The country’s most senior judiciary today took a step towards modernising media law for the internet age with the Supreme Court redefining ’fair comment’ as ’honest comment’.
Today’s ruling in Joseph v Spiller (see story), means that the burden on defendants to prove the facts on which their comments have been made has been reduced.
In his ruling Supreme Court Justice Lord Walker said the defence needed to be updated for a modern age where information flows freely.
“It was,” he said, “a society in which writers, artists and musicians were supposed to place their works, like wares displayed at market, before a relatively small, educated and socially elevated class, and it was in the context of published criticism of their works that the defence developed.
“Millions now talk, and thousands comment in electronically transmitted words, about recent events of which they’ve learned from television or the internet.
“Many of the events and the comments on them are no doubt trivial and ephemeral, but from time to time (as the present appeal shows) libel law has to engage with them.
“The test for identifying the factual basis of honest comment must be flexible enough to allow for this type of case, in which a passing reference to the previous night’s celebrity show would be regarded by most of the public, and may sometimes have to be regarded by the law, as a sufficient factual basis.”
For the first time since the Supreme Court was established last year media lawyers have been given an insight into how the court perceives media law in its current form.
The court’s president Lord Phillips, who gave the substantive judgment, made his feelings perfectly clear: “The whole area merits consideration by the Law Commission, or an expert committee”, he said.
Showing that his thinking was in line with those media lawyers who appear before the court, Phillips went on to state: “Finally, and fundamentally, has not the time come to recognise that defamation is no longer a field in which trial by jury is desirable? The issues are often complex and jury trial simply invites expensive interlocutory battles, such as the one before this court, which attempt to pre-empt issues from going before the jury.”
So important was the outcome of the case that three media organisations took the unusual step of joining together to intervene in the case in support of the appellants, who were attempting to use the fair comment defence.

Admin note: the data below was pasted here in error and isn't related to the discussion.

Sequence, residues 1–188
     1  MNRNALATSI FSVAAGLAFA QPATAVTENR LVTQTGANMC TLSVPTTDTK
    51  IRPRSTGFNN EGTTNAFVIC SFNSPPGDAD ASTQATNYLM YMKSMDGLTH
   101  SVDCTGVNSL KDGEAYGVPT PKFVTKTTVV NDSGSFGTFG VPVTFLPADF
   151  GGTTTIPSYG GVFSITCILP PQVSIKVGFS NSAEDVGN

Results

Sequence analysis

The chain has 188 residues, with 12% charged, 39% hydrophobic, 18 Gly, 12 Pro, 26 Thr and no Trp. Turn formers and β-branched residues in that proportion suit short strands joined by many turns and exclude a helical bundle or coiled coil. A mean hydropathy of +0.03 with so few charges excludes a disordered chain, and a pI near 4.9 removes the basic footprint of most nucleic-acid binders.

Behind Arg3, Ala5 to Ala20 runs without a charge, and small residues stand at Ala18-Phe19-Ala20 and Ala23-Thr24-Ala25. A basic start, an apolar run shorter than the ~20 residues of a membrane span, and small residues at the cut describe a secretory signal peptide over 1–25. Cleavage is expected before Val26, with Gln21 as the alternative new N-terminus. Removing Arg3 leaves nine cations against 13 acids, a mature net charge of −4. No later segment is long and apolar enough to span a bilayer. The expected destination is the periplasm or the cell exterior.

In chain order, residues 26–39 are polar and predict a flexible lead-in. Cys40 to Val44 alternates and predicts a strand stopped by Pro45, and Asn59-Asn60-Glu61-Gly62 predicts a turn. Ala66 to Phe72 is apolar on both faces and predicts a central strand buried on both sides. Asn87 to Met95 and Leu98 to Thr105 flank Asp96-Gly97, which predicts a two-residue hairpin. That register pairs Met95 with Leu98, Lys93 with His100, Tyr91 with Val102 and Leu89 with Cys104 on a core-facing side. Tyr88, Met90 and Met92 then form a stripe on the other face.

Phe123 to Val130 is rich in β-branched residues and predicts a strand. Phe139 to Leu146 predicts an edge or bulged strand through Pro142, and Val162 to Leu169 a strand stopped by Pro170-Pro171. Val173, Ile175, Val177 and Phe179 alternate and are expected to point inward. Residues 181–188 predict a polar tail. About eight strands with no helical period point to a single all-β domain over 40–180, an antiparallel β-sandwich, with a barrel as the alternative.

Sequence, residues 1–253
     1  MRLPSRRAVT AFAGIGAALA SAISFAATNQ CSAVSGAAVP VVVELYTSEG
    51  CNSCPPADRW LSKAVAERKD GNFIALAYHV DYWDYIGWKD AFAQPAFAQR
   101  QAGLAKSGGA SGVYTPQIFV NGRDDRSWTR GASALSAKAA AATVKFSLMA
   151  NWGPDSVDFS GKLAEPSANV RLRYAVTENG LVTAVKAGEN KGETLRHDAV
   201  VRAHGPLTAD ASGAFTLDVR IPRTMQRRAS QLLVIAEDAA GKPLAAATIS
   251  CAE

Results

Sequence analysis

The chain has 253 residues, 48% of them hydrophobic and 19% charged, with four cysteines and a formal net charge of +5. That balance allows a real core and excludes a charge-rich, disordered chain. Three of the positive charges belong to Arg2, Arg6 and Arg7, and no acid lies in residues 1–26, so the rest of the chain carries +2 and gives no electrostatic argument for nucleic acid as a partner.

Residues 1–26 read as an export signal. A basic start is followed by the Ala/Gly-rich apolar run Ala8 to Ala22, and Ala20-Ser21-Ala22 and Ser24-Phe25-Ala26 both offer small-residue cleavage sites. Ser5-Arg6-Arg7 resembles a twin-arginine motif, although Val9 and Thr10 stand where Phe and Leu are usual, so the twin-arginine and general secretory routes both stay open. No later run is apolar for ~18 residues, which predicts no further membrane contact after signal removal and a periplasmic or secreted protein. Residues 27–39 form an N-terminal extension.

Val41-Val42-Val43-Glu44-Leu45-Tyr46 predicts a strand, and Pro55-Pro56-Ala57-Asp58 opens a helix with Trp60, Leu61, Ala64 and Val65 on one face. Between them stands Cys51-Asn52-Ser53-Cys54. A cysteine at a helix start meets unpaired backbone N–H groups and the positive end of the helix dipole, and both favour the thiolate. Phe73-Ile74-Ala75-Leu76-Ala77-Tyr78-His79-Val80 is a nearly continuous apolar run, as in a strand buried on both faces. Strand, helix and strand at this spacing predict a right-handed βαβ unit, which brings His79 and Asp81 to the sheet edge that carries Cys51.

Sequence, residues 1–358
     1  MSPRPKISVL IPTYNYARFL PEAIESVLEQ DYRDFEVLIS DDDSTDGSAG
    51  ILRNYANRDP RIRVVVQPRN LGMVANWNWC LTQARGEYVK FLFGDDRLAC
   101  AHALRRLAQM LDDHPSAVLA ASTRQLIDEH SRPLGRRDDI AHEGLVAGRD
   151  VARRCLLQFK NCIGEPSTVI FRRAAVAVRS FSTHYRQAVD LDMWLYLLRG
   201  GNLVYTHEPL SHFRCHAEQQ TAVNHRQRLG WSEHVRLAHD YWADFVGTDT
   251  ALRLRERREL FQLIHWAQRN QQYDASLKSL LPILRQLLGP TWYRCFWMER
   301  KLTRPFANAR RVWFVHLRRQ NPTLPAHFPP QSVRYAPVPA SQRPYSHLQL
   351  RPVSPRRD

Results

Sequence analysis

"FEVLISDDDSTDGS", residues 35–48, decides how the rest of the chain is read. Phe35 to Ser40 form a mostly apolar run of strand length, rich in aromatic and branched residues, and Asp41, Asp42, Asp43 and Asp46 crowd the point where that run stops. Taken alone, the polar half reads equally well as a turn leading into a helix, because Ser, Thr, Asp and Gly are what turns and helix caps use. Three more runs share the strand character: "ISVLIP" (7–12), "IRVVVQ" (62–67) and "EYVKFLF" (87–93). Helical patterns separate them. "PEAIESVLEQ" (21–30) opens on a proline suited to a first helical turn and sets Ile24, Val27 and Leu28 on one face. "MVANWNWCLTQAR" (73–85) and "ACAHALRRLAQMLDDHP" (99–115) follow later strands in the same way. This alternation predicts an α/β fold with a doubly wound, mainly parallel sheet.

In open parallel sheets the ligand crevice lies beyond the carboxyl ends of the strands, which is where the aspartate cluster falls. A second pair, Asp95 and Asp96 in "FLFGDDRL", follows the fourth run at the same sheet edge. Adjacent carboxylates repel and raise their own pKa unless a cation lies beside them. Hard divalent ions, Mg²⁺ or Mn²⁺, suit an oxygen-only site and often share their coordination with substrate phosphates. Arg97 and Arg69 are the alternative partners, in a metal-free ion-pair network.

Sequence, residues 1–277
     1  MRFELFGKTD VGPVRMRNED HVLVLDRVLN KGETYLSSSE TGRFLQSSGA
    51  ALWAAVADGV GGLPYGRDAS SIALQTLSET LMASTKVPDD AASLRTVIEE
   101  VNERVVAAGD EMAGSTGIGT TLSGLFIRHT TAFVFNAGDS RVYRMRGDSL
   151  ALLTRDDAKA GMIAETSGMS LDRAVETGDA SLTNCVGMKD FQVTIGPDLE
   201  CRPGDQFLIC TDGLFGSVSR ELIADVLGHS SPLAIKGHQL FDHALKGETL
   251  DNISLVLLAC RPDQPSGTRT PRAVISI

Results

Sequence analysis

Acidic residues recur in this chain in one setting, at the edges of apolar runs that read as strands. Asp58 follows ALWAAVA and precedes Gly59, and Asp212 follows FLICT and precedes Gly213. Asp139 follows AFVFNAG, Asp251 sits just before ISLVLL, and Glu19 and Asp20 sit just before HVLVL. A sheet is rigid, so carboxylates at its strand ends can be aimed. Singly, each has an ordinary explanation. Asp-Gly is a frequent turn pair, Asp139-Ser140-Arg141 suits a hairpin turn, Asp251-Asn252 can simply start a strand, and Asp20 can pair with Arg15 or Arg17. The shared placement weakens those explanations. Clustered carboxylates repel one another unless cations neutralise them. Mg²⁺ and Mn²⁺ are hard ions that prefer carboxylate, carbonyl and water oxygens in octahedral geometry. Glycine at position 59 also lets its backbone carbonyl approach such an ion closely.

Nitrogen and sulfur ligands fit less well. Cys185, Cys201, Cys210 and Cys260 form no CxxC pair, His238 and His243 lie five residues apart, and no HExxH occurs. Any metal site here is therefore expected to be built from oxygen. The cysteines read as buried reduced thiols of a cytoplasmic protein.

Associated Newspapers, owner of the Daily Mail and The Mail on Sunday, Times Newspapers and Guardian Media Group (GMG) mandated Reynolds Porter Chamberlain (RPC) partner Jaron Lewis to intervene.
GMG director of editorial legal services Gill Phillips commented: “The Guardian intervened because the defence of fair comment is such a vital component of freedom of expression.”
Lewis welcomed the decision, stating: “It’s very significant that Lord Philips has now questioned whether it’s still appropriate having juries in libel cases. Hopefully this will be picked up in the Government’s new Defamation Bill, a draft of which is promised in 2011.”
This decision will be seen as a victory for newspaper groups, but there has to be caution as well.
While many commentators suggest that the judiciary is switching its leanings towards the media and away from the claimant in its judgments, the lawyers working on such cases recognise that no such trend can exist.
As one lawyer put it: “Judges must act only on the facts before them, they can’t be seen to be favouring one side or the other.”
That said, media law is an area that attracts controversy and Mr Justice Eady became a hate figure for many Fleet Street editors, who felt his rulings had restricted freedom of speech when he was head of the juries list.
The drafting of the Defamation Bill will give all interested parties the opportunity to contribute to new legislation in the area.
Inevitably that will lead to more litigation as it is tested through the court, but this latest ruling shows the judiciary is taking a more progressive approach.